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Clayton E. Cramer

The Peaceable Kingdom?

Guns and the English

Back in 1994, Harvard University Press published Joyce Lee Malcolm's To Keep and Bear Arms: The Origins of an Anglo-American Right, a splendid examination of how the English Bill of Rights (1689) came to include the right to keep and bear arms. The book was distinguished not only by Malcolm's detailed use of primary sources but also by her willingness to acknowledge uncomfortable facts. Other authors had located the origins of this right in the medieval past, trusting overly much Parliament's claim in the English Bill of Rights to be "vindicating and asserting their ancient rights and liberties." Malcolm very carefully demonstrated that this "ancient right" was, in 1689, actually a fairly recent discovery.

Malcolm's new book is not the tour de force that To Keep and Bear Arms was. There are three distinct topics in Guns and Violence. The first is a history of the right to keep and bear arms, and for the most part, she carries this off well. The second is a history of crime in England, and here Malcolm's treatment has some serious limitations. Her discussion of the the third topic is concentrated in chapter 7, where Malcolm compares England with America and attempts to dismantle the widely held belief that England's supposedly low crime rates are the result of gun-control laws. Unfortunately, that chapter differs considerably from the rest of the book in tone, losing something of the scholarly style of the first six chapters.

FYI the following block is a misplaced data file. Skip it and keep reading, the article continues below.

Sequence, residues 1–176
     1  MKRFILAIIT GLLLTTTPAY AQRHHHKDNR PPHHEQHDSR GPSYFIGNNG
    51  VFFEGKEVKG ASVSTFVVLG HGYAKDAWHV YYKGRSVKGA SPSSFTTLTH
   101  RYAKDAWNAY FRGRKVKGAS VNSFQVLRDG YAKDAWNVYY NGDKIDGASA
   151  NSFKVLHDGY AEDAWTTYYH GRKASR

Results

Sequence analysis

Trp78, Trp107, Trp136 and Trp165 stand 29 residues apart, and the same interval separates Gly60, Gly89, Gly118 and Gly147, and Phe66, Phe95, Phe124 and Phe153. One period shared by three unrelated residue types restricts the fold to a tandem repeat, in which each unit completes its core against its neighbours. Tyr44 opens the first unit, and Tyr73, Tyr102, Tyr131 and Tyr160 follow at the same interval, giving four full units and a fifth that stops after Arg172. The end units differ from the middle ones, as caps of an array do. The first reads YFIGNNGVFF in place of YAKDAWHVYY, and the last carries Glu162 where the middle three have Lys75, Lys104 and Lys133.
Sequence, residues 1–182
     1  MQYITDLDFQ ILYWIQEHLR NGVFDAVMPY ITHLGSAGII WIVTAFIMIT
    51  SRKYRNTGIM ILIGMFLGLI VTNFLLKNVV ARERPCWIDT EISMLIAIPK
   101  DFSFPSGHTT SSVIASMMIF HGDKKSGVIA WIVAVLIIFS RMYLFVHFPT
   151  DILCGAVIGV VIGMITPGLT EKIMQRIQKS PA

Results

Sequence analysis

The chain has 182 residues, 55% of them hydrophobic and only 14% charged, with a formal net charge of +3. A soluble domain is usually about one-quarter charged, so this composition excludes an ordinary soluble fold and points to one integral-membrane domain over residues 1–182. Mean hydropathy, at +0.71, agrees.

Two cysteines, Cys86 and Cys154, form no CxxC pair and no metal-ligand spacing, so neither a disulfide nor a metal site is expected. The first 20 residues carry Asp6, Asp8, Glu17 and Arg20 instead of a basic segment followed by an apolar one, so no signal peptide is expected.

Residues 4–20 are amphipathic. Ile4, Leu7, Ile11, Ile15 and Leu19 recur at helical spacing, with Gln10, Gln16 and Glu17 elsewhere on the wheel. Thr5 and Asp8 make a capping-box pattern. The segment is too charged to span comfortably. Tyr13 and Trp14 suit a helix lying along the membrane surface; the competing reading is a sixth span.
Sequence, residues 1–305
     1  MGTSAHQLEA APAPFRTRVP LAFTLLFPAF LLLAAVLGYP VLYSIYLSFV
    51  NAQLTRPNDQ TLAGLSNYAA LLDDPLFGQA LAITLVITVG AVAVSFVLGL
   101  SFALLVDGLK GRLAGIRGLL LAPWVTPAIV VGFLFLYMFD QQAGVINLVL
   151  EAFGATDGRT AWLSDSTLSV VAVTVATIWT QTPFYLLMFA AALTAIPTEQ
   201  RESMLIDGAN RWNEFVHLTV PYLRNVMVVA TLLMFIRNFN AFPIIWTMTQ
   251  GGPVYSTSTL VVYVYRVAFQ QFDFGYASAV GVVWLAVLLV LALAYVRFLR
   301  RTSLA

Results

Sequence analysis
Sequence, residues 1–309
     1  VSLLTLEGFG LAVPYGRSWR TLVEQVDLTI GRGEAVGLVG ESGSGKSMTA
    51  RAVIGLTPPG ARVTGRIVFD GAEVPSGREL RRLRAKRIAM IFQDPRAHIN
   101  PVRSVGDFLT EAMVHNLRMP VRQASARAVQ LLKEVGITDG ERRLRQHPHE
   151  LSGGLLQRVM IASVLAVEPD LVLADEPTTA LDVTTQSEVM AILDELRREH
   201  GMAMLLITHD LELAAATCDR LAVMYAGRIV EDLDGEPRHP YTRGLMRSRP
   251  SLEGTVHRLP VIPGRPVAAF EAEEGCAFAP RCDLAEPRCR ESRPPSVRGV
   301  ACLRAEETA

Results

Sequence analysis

Malcolm is strongest when she demonstrates that the right to keep and bear arms enjoyed widespread support in England until recently, even among the upper classes, who should have worried the most about armed peasants. In 1893, a bill was introduced in Parliament to restrict ownership of handguns "less than fifteen inches long" to reduce gun accidents. Members of Parliament pointed out that the government's own figures showed there simply wasn't a serious problem; moreover, they ...

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